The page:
Molecular Brain Research 08/2004; 126(1):67-73. · 2.00 Impact Factor
[Show abstract][Hide abstract] ABSTRACT: The location and the role of gamma-aminobutyric acid type B (GABA(B)) receptors in the central nervous system have recently received considerable attention, whilst relatively little is known regarding the peripheral nervous system. In this regard, here we demonstrate for the first time that GABA(B) receptor isoforms [i.e. GABA(B(1)) and GABA(B(2))] are specifically localized in the rat Schwann cell population of the sciatic nerve. Using the selective GABA(B) agonist [i.e. (-)-baclofen] and the antagonists (i.e. CGP 62349, CGP 56999 A, CGP 55845 A), such receptors are shown to be functionally active and negatively coupled to the adenylate cyclase system. Furthermore, exposure of cultured Schwann cells to (-)-baclofen inhibits their proliferation and reduces the synthesis of specific myelin proteins (i.e. glycoprotein Po, peripheral myelin protein 22, myelin-associated glycoprotein, connexin 32), providing evidence for a physiological role of GABA(B) receptors in the glial cells of the peripheral nervous system.
European Journal of Neuroscience 06/2004; 19(10):2641-9. · 3.67 Impact Factor
[Show abstract][Hide abstract] ABSTRACT: The process of aging deeply influences morphological and functional parameters of peripheral nerves. The observations summarized here indicate that the deterioration of myelin occurring in the peripheral nerves during aging may be explained by the fall of the levels of the major peripheral myelin proteins [e.g., glycoprotein Po (Po) and peripheral myelin protein 22 (PMP22)]. Neuroactive steroids, such as progesterone (PROG), dihydroprogesterone (5alpha-DH PROG), and tetrahydroprogesterone (3alpha,5alpha-TH PROG), are able to stimulate the low expression of these two myelin proteins present in the sciatic nerve of aged male rats. Since Po and PMP22 play an important physiological role in the maintenance of the multilamellar structure of PNS myelin, we have evaluated the effect of PROG and its neuroactive derivatives, 5alpha-DH PROG and 3alpha,5alpha-TH PROG, on the morphological alterations of myelinated fibers in the sciatic nerve of 22-24-month-old male rats. Data obtained clearly indicate that neuroactive steroids are able to reduce aging-associated morphological abnormalities of myelin and aging-associated myelin fiber loss in the sciatic nerve.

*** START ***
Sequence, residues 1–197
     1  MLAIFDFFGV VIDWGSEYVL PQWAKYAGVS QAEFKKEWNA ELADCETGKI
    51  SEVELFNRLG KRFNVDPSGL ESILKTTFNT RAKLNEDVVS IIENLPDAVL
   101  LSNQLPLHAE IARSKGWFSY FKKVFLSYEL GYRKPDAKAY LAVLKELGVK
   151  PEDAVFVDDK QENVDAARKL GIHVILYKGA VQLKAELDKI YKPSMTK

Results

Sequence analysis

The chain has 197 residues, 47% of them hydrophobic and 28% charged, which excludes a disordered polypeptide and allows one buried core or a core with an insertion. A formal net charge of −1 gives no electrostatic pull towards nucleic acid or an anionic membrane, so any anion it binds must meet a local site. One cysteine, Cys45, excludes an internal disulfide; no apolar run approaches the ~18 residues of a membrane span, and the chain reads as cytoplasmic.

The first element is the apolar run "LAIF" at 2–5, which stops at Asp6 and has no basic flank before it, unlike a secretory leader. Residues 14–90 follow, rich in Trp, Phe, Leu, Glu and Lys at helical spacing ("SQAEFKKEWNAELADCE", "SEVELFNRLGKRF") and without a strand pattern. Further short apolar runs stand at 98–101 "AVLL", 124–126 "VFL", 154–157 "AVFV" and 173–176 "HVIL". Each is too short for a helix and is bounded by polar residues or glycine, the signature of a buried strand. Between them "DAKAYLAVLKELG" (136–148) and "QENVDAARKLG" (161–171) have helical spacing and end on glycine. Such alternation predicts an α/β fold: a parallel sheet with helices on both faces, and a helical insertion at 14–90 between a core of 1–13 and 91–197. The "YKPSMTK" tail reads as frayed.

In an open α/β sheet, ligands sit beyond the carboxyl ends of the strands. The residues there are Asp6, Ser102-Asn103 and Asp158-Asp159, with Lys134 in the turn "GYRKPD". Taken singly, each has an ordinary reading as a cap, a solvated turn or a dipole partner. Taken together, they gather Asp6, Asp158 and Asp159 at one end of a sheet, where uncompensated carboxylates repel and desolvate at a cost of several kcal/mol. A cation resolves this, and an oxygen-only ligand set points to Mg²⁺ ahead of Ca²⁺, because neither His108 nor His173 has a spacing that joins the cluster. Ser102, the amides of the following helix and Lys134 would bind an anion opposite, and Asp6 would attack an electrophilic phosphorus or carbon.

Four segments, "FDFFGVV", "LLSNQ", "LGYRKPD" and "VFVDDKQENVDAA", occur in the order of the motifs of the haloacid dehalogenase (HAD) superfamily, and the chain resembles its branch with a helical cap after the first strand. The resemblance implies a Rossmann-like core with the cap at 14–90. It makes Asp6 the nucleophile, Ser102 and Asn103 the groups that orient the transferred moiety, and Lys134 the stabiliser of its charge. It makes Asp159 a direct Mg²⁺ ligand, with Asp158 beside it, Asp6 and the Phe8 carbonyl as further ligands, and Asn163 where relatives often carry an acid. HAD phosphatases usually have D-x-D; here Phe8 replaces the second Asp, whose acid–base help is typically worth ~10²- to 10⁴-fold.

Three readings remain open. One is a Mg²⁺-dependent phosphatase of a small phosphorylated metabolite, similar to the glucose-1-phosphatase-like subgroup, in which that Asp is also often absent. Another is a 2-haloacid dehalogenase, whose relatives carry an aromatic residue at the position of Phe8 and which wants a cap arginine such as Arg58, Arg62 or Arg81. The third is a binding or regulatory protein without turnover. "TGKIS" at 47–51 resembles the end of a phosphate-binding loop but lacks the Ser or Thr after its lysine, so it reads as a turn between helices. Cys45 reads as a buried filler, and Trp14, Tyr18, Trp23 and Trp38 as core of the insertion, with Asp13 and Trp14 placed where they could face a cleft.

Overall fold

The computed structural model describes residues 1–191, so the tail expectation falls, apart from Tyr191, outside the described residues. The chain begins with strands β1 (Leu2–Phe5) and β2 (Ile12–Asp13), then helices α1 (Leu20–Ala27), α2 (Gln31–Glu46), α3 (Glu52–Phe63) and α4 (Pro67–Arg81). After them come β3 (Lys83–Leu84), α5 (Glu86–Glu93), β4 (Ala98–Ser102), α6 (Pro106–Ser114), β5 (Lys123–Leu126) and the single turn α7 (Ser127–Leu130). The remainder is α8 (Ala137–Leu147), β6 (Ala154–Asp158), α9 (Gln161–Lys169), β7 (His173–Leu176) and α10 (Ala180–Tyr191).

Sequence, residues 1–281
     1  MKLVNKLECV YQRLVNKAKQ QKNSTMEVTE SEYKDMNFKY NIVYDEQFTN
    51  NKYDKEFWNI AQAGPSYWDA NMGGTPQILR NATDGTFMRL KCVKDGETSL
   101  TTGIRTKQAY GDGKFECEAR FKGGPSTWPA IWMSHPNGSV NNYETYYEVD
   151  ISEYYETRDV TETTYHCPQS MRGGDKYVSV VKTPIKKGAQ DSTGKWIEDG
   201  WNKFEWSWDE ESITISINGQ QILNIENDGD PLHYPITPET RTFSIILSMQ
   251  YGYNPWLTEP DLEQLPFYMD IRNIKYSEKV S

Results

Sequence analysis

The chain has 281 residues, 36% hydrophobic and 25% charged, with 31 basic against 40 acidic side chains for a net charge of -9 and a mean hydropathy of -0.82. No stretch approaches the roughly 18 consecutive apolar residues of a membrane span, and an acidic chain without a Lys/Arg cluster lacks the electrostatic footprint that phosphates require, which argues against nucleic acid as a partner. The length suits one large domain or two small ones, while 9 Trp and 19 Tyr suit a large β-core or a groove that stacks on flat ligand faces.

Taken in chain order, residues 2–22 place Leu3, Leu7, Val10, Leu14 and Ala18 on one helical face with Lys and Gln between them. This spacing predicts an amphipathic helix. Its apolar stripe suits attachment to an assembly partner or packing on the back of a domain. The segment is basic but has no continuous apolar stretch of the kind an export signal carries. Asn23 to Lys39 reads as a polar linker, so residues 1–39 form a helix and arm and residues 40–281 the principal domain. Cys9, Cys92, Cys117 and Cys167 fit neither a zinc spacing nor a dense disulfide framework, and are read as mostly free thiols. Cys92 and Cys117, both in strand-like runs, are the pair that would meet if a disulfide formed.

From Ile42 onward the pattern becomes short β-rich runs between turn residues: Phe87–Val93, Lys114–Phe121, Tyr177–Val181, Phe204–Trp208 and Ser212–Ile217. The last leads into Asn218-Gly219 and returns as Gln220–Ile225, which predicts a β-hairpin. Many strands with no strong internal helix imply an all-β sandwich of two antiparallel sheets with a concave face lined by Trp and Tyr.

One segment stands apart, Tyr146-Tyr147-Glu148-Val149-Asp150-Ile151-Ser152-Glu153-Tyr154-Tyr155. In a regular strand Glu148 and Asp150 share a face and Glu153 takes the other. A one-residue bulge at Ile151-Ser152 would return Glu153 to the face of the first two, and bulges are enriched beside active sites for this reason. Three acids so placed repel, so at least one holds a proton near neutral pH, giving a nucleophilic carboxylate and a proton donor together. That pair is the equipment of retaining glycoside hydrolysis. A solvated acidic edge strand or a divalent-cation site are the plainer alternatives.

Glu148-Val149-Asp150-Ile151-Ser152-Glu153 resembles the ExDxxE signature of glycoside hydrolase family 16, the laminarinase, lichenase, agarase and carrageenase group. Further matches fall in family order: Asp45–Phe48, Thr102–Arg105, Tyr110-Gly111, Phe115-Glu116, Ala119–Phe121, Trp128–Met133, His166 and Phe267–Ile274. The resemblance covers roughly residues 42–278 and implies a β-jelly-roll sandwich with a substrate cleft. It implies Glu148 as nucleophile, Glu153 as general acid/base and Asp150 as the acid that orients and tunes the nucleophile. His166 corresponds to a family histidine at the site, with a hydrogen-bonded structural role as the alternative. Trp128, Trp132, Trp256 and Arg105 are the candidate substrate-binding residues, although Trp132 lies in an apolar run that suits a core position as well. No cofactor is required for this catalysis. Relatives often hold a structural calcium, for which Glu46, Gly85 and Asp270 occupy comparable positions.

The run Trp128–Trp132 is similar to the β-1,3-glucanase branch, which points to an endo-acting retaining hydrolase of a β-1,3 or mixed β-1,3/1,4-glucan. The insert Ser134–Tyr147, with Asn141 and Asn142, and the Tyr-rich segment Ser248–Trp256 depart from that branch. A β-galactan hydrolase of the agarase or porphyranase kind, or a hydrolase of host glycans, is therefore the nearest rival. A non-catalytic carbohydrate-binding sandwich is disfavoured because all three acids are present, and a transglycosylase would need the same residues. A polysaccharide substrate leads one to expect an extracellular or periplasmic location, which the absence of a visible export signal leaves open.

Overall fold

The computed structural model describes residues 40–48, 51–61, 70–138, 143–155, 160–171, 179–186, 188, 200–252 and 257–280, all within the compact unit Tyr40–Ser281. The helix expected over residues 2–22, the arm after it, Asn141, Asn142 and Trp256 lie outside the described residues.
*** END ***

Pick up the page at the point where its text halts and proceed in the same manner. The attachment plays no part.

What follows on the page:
Progress in Neurobiology 10/2003; 71(1):57-66. · 10.30 Impact Factor
[Show abstract][Hide abstract] ABSTRACT: Peripheral nervous system (PNS) possess both classical (e.g. progesterone receptor, PR, androgen receptor, AR) and non-classical (e.g. GABA(A) receptor) steroid receptors and consequently may represent a target for the action of neuroactive steroids. Our data have indicated that neuroactive steroids, like for instance, progesterone, dihydroprogesterone, tetrahydroprogesterone, dihydrotestosterone and 3alpha-diol, stimulate both in vivo and in vitro (Schwann cell cultures), the expression of two important proteins of the myelin of peripheral nerves, the glycoprotein Po (Po) and the peripheral myelin protein 22 (PMP22). It is important to highlight that the mechanisms by which neuroactive steroids exert their effects on the expression of Po and PMP22 involve different kind of receptors depending on the steroid and on the myelin protein considered. In particular, at least in culture of Schwann cells, the expression of Po seems to be under the control of PR, while that of PMP22 needs the GABA(A) receptor. Because Po and PMP22 play an important physiological role for the maintenance of the multilamellar structure of the myelin of the PNS, the present observations might suggest the utilization of neuroactive steroids as new therapeutically approaches for the rebuilding of the peripheral myelin.
The Journal of Steroid Biochemistry and Molecular Biology 07/2003; 85(2-5):323-7. · 4.05 Impact Factor